Last week, in an earlier interview, before the Monday evening meeting, Thompson advised WPCNR that the the New York Presbyterian Hospital has a two-month window to accept or decline "a memorandum of agreement" with the manufacturer of the proton accelerator.
According to Thompson, the hospital does not have to say yes or no to the accelerator outright, but to provide "an indication of things going forward in a positive way."
He said the hospital hopes the Common Council will consider the project with "expediency."
The date when the hospital needs to respond to the proton accelerator manufacturer with their expression of interest, before they lose their exclusive franchise is May 25.
State of the art cancer treatment device would serve NY, NJ, PA area.
Thompson said that the proton accelerator the Hospital and its method of cancer treatment has been accepted by the Food & Drug Administration as an "approved medical practice," and has been approved by HMO's (Health Maintenance Organizations) as a form of treatment they will cover.
He also described the accelerator the hospital is considering the state of the art model. He remarked that the accelerator at Harvard at Massachussetts General Hospital "has never been quite perfected," saying it has had problems with its software. The accelerator the Hospital has the opportunity to acquire for the Bryant Avenue site is apparently the "state of the art" design of the technology and has not encountered the problems the unit at Massachussetts General has, according to Thompson.
Thompson told WPCNR that the proton accelerator installation on Bryant Avenue would take 30 to 36 months to build and was expected to draw patients for treatment from the tri-state area as well as Pennsylvania.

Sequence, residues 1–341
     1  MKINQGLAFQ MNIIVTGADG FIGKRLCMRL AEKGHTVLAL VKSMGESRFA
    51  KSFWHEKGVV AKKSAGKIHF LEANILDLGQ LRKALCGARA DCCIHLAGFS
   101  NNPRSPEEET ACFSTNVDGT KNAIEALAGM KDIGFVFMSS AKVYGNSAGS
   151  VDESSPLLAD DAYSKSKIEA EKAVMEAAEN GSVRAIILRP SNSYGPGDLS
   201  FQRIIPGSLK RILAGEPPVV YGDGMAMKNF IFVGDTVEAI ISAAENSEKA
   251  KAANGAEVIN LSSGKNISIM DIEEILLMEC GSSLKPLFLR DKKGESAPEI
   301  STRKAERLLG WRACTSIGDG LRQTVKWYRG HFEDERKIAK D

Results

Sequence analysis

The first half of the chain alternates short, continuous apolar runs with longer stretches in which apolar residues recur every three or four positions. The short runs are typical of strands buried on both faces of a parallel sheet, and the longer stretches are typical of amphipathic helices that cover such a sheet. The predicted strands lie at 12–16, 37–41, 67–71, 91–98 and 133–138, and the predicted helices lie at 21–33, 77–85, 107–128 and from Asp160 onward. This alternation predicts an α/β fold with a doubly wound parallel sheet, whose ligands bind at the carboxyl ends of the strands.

The first of the promised state grant money has been guaranteed to New York Presbyterian hospital according to a spokesman for the Empire State Development Corporation contacted by WPCNR. The grant is in the amount of $250,000. According to the spokesman, the grant has gone to Albany "for the check to be cut." Status of the multi-million grants earmarked for biotech centers are still under negotiation in the state legislature. (Previously, WPCNR has learned that Edward Arace, Regional Vice President of the Empire State Development Corporation has singled out New York Presbyterian Hospital as the favored site for the proton accelerator, having visited the campus twice within the last nine months.)
Media prevented from covering meeting...
Alex Philippidis, Editor-In-Chief of the Westchester County Business Journal, and a resident of White Plains, attempted to cover the meeting as a reporter. He was escorted from the meeting by Mr. Pollitzer, because, in Mr. Pollitzer's words to us, "it did not need to be a media/press event. It was not a press meeting. It was a gathering of neighborhoods to make sure people are aware of what's going on."